President Barack Obama said at the funeral of Nelson Mandela :-
There is a word in South Africa – Ubuntu – a word that captures Mandela’s greatest gift: his recognition that we are all bound together in ways that are invisible to the eye; that there is a oneness to humanity; that we achieve ourselves by sharing ourselves with others, and caring for those around us.
We can never know how much of this sense was innate in him, or how much was shaped in a dark and solitary cell. But we remember the gestures, large and small – introducing his jailers as honored guests at his inauguration; taking a pitch in a Springbok uniform; turning his family’s heartbreak into a call to confront HIV/AIDS – that revealed the depth of his empathy and his understanding. He not only embodied Ubuntu, he taught millions to find that truth within themselves.
The term Ubuntu was known in South Africa around the middle of the 19th C. Reported translations covered the semantic field of “human nature, humanness, humanity; virtue, goodness, kindness”.
The term appears in the Epilogue of the Interim Constitution of South Africa (1993), “there is a need for understanding but not for vengeance, a need for reparation but not for retaliation, a need for ubuntu but not for victimisation”
According to Michael Onyebuchi Eze, the core of ubuntu can best be summarised as follows:
‘A person is a person through other people’ strikes an affirmation of one’s humanity through recognition of an ‘other’ in his or her uniqueness and difference. It is a demand for a creative intersubjective formation in which the ‘other’ becomes a mirror (but only a mirror) for my subjectivity. This idealism suggests to us that humanity is not embedded in my person solely as an individual; my humanity is co-substantively bestowed upon the other and me. Humanity is a quality we owe to each other. We create each other and need to sustain this otherness creation. And if we belong to each other, we participate in our creations: we are because you are, and since you are, definitely I am. The ‘I am’ is not a rigid subject, but a dynamic self-constitution dependent on this otherness creation of relation and distance. (from wikipedia).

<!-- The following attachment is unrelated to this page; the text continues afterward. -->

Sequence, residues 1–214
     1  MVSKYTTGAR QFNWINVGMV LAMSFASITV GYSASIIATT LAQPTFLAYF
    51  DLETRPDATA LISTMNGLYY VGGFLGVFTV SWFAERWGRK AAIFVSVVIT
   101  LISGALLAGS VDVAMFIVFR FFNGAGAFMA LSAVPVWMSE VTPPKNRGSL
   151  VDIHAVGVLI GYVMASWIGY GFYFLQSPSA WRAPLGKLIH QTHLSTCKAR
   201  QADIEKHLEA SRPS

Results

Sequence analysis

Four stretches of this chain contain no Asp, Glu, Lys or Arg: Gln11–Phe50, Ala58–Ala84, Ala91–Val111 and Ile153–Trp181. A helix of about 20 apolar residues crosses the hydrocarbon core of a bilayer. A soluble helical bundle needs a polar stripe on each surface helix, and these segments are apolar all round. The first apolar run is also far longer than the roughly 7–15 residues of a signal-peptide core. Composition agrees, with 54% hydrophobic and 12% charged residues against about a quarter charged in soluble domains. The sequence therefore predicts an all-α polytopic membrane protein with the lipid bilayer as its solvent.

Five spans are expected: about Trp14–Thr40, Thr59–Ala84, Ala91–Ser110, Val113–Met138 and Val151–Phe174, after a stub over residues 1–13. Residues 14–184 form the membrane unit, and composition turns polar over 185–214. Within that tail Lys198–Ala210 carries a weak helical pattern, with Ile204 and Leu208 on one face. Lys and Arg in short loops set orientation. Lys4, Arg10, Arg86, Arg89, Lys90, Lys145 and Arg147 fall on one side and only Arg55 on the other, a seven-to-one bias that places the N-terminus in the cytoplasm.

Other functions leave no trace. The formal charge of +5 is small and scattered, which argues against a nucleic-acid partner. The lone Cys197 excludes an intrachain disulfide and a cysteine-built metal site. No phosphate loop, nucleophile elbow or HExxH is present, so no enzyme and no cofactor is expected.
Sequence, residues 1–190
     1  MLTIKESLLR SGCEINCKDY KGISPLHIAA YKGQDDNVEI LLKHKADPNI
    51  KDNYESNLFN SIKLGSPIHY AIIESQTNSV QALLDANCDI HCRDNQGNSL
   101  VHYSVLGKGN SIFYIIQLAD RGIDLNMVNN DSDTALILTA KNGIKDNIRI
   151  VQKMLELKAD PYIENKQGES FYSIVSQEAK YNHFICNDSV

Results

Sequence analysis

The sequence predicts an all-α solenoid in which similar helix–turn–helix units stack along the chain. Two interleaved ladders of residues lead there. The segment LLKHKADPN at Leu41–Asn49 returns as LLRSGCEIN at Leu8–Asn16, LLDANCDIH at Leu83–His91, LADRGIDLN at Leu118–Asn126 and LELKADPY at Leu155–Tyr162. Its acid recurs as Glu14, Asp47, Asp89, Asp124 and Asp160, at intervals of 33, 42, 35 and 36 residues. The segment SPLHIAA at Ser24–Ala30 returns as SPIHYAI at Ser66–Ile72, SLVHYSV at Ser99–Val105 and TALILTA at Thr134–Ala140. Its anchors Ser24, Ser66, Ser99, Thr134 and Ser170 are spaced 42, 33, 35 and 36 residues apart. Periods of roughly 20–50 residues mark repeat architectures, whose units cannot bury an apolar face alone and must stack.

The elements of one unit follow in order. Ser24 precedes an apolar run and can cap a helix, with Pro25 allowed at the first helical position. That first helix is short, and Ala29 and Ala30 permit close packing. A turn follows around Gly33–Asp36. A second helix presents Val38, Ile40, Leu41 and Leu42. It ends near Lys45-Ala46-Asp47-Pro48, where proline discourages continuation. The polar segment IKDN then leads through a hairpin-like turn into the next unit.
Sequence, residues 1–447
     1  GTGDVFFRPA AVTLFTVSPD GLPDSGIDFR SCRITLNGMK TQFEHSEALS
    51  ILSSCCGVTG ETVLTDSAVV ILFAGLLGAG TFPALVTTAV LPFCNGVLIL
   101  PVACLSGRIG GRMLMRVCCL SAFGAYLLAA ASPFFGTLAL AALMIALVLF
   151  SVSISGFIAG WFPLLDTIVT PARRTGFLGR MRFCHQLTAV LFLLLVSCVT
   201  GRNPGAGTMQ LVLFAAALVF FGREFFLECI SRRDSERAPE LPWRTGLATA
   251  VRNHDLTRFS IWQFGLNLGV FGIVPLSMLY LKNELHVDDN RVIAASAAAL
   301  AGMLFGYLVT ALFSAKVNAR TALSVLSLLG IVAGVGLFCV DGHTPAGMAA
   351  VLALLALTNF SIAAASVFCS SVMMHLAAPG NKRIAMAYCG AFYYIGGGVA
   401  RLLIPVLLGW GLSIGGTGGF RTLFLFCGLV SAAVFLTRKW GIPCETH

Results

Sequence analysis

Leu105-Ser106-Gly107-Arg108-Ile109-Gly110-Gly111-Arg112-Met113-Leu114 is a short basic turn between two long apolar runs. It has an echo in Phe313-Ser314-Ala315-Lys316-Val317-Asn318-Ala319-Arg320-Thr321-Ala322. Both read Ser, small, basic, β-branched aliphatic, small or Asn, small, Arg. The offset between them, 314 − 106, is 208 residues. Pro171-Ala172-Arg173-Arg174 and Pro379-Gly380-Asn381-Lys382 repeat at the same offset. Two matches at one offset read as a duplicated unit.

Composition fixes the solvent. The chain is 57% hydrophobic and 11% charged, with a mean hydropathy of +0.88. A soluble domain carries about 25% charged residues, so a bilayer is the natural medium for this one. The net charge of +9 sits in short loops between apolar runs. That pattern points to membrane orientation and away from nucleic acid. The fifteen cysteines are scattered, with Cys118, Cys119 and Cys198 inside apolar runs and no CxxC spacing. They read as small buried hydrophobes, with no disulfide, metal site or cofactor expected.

Visitors do not need to burden themselves with carrying provisions – all they need is to dress properly and be on the road. All visitors are provided for and protected in every home they pass through without payment being expected. In fact, every individual should try his or her best to make visitors comfortable – and this applies to everyone who is aware of the presence of a visitor within a locality.
Children are never orphans since the roles of mother and father are by definition not vested in a single individual with respect to a single child. Furthermore, a man or a woman with “unhu” will never allow any child around them to be an orphan. In the Shona language spoken in Zimbabwe unhu is Ubuntu.
Ubuntu: “I am what I am because of who we all are.” (From a definition offered by Liberian peace activist Leymah Gbowee.) Archbishop Desmond Tutu offered a definition in a 1999 book: A person with Ubuntu is open and available to others, affirming of others, does not feel threatened that others are able and good, based from a proper self-assurance that comes from knowing that he or she belongs in a greater whole and is diminished when others are humiliated or diminished, when others are tortured or oppressed.
The African worldview is about living as one family. It is about kindness to all because all are part of we, part of us. There are opportunities that pass us by every day where we could practice Ubuntu because we don’t feel joined to others, a part of them and their lives.That concern could bring us all closer together and remove the urge to disparage others, and not to shrug off our oneness and revert to the old disdain to wards those of colour or different in some other way. I have touted the benefits of Hugs in my Buthidars Blog https://lorddavidprosser1.wordpress.com/the-buthidar-hugs/ it sounds like my ideal world is with Hugs and with Ubuntu where we are all One and more or less responsible for the care of those within our reach who need help. Caring for those around us as Mandela said.
Massive Hugs to all.